How Fatigue Affects Your Daily Life

Fatigue is something that increasingly affects Americans in their daily lives in more detrimental ways than they might even realize.

Fatigue is a general term that refers to feeling tired and lacking in energy. Fatigue can also lead to a loss of motivation, and it’s not the same as just being sleepy or drowsy. Apathy or disinterest in things in your life can occur with fatigue as well, and symptoms can be a combination of physical and mental.

It’s a common issue, with around 20% of Americans saying they have fatigue to the point that it interferes with their functionality and daily life.

Physical causes are responsible for many of the reasons people have fatigue, but mental causes make up more of the contributing factors to fatigue.

The following are some of the ways fatigue can adversely affect your daily life.

Increased Risk of Traffic Accidents

As law firm Benson & Bingham note, one out of every six fatal traffic accidents is caused by drowsy driving.

According to the Centers for Disease Control and Prevention (CDC), an estimated one in 25 drivers say they’ve fallen asleep while behind the wheel within the past 30 days, and drowsy driving is believed to be the cause of up to 6,000 crashes every year.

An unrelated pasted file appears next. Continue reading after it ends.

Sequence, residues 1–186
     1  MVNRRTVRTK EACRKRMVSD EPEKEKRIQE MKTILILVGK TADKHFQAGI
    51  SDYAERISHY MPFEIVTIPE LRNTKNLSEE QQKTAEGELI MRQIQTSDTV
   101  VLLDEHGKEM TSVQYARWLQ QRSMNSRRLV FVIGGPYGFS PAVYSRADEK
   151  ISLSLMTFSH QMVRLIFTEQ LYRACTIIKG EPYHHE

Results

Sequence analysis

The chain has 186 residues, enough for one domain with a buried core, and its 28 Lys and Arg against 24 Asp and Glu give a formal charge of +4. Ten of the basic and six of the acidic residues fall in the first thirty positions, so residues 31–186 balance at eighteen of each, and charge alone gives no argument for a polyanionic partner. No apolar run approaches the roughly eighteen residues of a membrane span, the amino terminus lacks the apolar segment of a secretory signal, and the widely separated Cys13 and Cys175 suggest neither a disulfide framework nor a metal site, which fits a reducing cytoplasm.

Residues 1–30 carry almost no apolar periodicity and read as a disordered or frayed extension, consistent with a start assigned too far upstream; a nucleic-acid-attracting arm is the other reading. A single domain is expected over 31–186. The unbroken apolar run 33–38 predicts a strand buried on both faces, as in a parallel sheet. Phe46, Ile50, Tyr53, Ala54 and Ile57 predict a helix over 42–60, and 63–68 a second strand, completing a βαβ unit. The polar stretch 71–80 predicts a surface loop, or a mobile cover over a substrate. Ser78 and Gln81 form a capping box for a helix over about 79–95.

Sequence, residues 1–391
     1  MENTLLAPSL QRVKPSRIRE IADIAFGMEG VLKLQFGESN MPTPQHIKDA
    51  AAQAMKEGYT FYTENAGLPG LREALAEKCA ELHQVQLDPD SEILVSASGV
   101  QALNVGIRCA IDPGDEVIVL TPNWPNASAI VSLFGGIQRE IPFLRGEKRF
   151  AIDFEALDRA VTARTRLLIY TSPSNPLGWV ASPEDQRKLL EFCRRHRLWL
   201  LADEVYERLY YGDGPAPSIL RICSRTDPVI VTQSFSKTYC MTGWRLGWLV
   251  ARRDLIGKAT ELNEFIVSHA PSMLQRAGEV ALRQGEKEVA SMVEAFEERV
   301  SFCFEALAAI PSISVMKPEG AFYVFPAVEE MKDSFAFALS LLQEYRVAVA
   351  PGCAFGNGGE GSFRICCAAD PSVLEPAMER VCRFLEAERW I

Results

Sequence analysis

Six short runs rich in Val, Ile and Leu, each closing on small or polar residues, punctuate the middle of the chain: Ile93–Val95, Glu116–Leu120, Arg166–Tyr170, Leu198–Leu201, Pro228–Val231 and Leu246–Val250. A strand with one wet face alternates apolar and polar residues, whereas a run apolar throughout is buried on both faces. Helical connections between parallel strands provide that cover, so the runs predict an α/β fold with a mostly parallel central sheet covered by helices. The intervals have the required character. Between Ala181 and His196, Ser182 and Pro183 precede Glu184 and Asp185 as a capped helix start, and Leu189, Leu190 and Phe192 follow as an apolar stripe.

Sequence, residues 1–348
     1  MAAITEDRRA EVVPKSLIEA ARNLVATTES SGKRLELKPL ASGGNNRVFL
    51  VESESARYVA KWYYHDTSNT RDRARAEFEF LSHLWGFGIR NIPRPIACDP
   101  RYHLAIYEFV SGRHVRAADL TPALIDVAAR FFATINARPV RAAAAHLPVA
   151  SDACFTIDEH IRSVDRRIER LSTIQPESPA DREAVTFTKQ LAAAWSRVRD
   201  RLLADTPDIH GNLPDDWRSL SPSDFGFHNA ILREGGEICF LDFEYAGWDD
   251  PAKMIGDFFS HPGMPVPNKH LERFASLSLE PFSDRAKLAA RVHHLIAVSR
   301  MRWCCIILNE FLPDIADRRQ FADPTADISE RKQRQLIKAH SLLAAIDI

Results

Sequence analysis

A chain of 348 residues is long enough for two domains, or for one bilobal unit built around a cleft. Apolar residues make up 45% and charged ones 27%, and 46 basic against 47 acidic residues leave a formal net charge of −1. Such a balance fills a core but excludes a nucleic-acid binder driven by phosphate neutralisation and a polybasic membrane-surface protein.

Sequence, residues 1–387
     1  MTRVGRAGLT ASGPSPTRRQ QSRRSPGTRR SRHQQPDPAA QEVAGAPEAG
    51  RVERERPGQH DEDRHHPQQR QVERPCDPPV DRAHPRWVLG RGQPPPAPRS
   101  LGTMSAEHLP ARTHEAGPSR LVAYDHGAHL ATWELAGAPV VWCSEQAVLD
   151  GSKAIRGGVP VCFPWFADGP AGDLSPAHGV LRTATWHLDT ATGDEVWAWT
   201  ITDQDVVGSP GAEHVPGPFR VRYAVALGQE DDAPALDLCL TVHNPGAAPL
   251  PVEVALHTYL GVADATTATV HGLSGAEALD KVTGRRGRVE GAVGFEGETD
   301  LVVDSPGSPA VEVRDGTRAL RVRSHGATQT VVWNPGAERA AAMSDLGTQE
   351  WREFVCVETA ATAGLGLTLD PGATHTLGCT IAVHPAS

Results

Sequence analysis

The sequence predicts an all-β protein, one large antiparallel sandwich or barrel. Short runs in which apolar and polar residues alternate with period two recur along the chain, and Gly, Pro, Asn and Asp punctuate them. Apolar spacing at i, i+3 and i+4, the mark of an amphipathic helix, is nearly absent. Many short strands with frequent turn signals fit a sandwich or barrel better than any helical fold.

When someone is sleepy or fatigued, it decreases the functionality and reaction time needed to drive safely.

Being tired or fatigued can cause problems with not only reaction time but also memory, information processing, and decision-making.

The effects of driving while fatigued are often compared to driving with a blood alcohol concentration close to the legal limit in someone who’s well-rested.

People who are most at risk from the effects of driving while fatigued include commercial long-distance drivers, shift workers, young, inexperienced drivers, and people with untreated sleep disorders.


People often struggle with their weight and look for ways to lose weight. We know being overweight can have serious detrimental effects on most other areas of health and wellness.

What people don’t realize as often is that there is a link between not getting enough sleep, fatigue, and being overweight.

Researchers believe that fatigue stemming from a lack of sleep can impact hormone and glucose levels in the blood, and that can impact your metabolism negatively and also increase how hungry you feel.

There are also indirect ways of being tired or fatigued that can impact your health. For example, when you’re experiencing fatigue, you’re less likely to do physical activity.

Sometimes when you’re tired, your body might be looking for ways to refuel itself and boost energy levels.

That might make you more likely to turn to high-carbohydrate and unhealthy foods that are high in sugar and calories.

If those weren’t big enough impacts, fatigue and sleep deprivation could increase your heart rate and blood pressure as well as increasing levels of inflammation in your body. All of this can cause problems with your heart and increase the risk of developing heart disease.

Mood and Mental Well-Being

Being fatigued can be the result of underlying mental health issues, but it can also cause them. Sometimes it becomes a cycle that’s difficult to escape from, particularly if you don’t treat underlying issues that exist.